Sue Smith CBA Board Chairman

During the slower pace this summer, one of the best decisions I made was to attend the Global Leadership Summit, which was broadcasted from Willow Creek Church. It was not only a respite from the responsibility of business; it was a program that re-energized me, preparing me to lead my staff well as the fall schedule ramps up.

One of my favorite speakers was Marcus Buckingham, a leading authority on strengths, performance, and engagement. His inspiration to us revolved around performance management and what that means to our businesses. Performance management defined would be the “business of growing your team’s unique gifts, ultimately increasing their performance.”


In our industry, we have employees who are seriously committed to the mission. That’s why they are with us. But, while loving Christ and His mission, or loving books and Christian content is a good start, expecting your staff to just naturally grow in their position is a naive posture as a leader. Casting your vision for your team, practically and consistently, will keep motivation high.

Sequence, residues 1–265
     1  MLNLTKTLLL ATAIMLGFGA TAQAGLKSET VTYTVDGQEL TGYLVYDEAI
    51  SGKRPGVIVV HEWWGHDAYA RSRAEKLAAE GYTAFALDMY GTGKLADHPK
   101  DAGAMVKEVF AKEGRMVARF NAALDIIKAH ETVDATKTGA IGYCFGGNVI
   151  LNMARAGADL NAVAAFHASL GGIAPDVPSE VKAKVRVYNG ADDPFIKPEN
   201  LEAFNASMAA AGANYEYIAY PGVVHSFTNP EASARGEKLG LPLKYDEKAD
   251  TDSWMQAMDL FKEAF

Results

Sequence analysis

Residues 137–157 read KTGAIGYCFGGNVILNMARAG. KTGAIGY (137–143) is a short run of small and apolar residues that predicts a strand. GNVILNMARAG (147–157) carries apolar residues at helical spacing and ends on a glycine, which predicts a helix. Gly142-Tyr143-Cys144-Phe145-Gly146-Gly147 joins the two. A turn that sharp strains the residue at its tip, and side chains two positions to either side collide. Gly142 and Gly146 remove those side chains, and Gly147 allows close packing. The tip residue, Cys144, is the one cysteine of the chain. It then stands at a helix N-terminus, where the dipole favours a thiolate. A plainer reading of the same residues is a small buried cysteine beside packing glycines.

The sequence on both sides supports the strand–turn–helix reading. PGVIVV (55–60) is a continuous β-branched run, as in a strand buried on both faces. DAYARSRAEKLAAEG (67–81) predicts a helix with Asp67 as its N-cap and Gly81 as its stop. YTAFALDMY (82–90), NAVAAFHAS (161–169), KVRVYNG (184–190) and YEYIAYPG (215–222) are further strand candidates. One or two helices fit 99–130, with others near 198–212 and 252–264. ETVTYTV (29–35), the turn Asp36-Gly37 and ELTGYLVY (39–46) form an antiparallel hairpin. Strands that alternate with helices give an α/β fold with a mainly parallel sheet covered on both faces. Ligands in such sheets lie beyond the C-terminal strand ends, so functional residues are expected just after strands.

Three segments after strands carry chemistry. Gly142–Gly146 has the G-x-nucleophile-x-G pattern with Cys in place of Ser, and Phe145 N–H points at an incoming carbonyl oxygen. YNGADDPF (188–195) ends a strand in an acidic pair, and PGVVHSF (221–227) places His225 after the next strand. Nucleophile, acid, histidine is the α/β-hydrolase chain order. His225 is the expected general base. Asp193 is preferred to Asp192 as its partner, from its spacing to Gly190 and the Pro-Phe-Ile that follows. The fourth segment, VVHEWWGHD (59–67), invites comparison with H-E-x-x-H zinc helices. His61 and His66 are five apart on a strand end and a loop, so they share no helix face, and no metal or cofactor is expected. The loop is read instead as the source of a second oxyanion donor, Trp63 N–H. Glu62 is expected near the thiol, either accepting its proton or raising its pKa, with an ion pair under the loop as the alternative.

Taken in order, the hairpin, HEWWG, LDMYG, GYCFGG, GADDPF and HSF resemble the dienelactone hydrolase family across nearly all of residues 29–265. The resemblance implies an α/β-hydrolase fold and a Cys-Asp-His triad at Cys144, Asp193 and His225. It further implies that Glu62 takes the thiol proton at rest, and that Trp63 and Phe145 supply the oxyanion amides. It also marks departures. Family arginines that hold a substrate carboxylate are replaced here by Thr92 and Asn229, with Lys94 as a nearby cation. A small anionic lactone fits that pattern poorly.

People naturally want to be part of something that is bigger than themselves. One great way to do this is to share personal stories of how your team has carried out the vision. This means paying attention to these stories in action, along with taking the time to share in a meaningful way.


As we showcase our vision and draw attention to great individual team members, we are integrating the “we” and “me.” Research shows that the best-performing employees are made to feel special, made to feel unique, and are aware that their manager understands their gifts. Your team members want your attention so you can get to know them well. But, to be clear, they want your coaching attention, not your feedback.

Meeting with each member weekly provides the attention required to nurture their skills. Buckingham suggests a year of 52 little sprints with your employees. A good leader will ask in each sprint: “What are your priorities this week?” and “What can I do to help or support you?”

This strength-based check-in is frequent enough that it’s about near-term future work that the employee is currently dealing with. This kind of leadership demonstrates care at their level, not at various levels above their pay grade. It communicates, “I want you to get better at what you do.”


I want to be that leader. I want my team to know that they have the chance to use their strengths every day, to grow under my attention; for the sake of the business and for the cause of Christ.